- Microsoft (MSFT): The Redmond behemoth thinks it’s a player, but most of its R&D is dedicated to refining the big moneymakers, Windows and Office. After 20 years of spending 10-15% of its revenue on R&D, it finally has a winner: Kinect. This pathetically low batting average is absolutely related to the fact that shares of Microsoft have gone nowhere for 10 years (except for the dividends). Microsoft has great gross margins, but it’s not achieving them while profitably taking share in new markets. There’s a reason why Microsoft is in the Dow Jones Industrial Average…
- Google (GOOG): From the sophisticated algorithms powering its search engine, to the holistic architectures (power, thermal, processing) of its data centers, Google has been innovation-driven. Unfortunately, that’s now over, as it straps Motorola Mobility to its back, raising its headcount by 38% with a money-losing, share-losing, trailing-edge technology…loser. Let’s check back later on this hybrid.
- Amazon (AMZN): A giant retailer that applies technology, rather than commercializes it. Yes, they’re taking share from the offline world, but not because of something they invented in the back room. It’s because they’re willing to operate on mere 2% net profit margins, and have no shortage of victims like Barnes and Noble and Best Buy on which to feast.
In short, some of these famous “tech” companies aren’t exactly innovative powerhouses. But they have learned to exploit other aspects of their business model (e.g. Amazon’s sheer scale) to make it work for them.
And what about newer companies attempting to benefit from the halo of “tech” without actually having to don a lab coat and calibrate their electron microscopes? It’s the same thing: some, like Groupon (GRPN), are quickly laid bare as tech poseurs, with valuations compressing until they reach… the same level as every other marketing services company, which is what Groupon actually is.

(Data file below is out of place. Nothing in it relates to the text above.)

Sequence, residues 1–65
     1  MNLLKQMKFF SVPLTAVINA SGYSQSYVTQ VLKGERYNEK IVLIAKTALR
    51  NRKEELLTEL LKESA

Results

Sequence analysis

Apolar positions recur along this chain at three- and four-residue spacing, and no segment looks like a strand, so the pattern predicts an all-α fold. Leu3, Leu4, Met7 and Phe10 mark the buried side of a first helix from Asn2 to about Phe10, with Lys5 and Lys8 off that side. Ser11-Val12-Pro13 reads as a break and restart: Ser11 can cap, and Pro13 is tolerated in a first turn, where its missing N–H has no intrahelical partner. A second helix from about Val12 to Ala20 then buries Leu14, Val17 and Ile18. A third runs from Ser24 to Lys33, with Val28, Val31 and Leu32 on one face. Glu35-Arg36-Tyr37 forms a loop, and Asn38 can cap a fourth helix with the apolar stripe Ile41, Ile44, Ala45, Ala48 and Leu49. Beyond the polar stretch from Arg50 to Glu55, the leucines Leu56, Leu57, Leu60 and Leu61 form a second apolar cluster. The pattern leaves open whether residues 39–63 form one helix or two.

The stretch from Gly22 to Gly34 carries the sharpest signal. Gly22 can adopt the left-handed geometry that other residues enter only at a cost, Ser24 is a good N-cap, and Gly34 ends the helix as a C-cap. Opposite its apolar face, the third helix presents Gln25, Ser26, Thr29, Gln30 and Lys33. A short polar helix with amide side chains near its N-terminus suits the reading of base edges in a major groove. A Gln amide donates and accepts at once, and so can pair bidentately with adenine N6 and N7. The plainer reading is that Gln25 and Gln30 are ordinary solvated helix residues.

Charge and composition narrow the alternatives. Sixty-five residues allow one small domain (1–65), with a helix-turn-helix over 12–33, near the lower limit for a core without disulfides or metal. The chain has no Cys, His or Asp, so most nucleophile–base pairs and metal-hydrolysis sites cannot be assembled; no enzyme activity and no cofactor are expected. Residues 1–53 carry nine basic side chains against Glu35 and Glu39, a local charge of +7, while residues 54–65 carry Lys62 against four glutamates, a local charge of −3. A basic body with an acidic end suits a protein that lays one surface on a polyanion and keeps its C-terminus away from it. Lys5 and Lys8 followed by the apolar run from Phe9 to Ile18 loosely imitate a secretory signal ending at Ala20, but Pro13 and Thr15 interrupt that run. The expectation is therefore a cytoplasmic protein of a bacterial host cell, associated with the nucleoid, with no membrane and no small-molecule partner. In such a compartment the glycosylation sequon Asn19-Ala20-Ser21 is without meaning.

And some, like LinkedIn (LNKD), will continue to succeed as a business, and command a tech-like P/E multiple, by exploiting the bought-and-paid-for internet with a near-monopoly on professional networking and career management.
In other words, investing in tech requires that you discover what may or may not be “tech” about a company and then ask yourself if it matters.
So in the end, what has 3M being more “tech” than Dell meant to shareholders of each?
Yes, that’s Dell up 46-fold in 20 years…but all that growth occurred early in its life. Right now, at around $16/share, Dell is trading at the same price as it was in January 1998. 3M is up 84% during that same time frame. And none of these returns include 3M’s dividends, paid steadily since at least 1992 and currently amounting to a 2.8% yield.
The moral: take advantage of the inconsistency in tech stock identification. Look for companies with tech attributes (converting R&D into consistently high gross margins) but with lower, non-tech valuations. Professional technology fund investors can’t stray too far from “tech,” and as a result are forced to own famous yet chronically under-achieving dogs like Microsoft, Cisco and Dell. But individual investors don’t have those limitations. And as a reminder of how real innovation pays off, print out this chart and put it up where you can see it. Use Scotch Tape.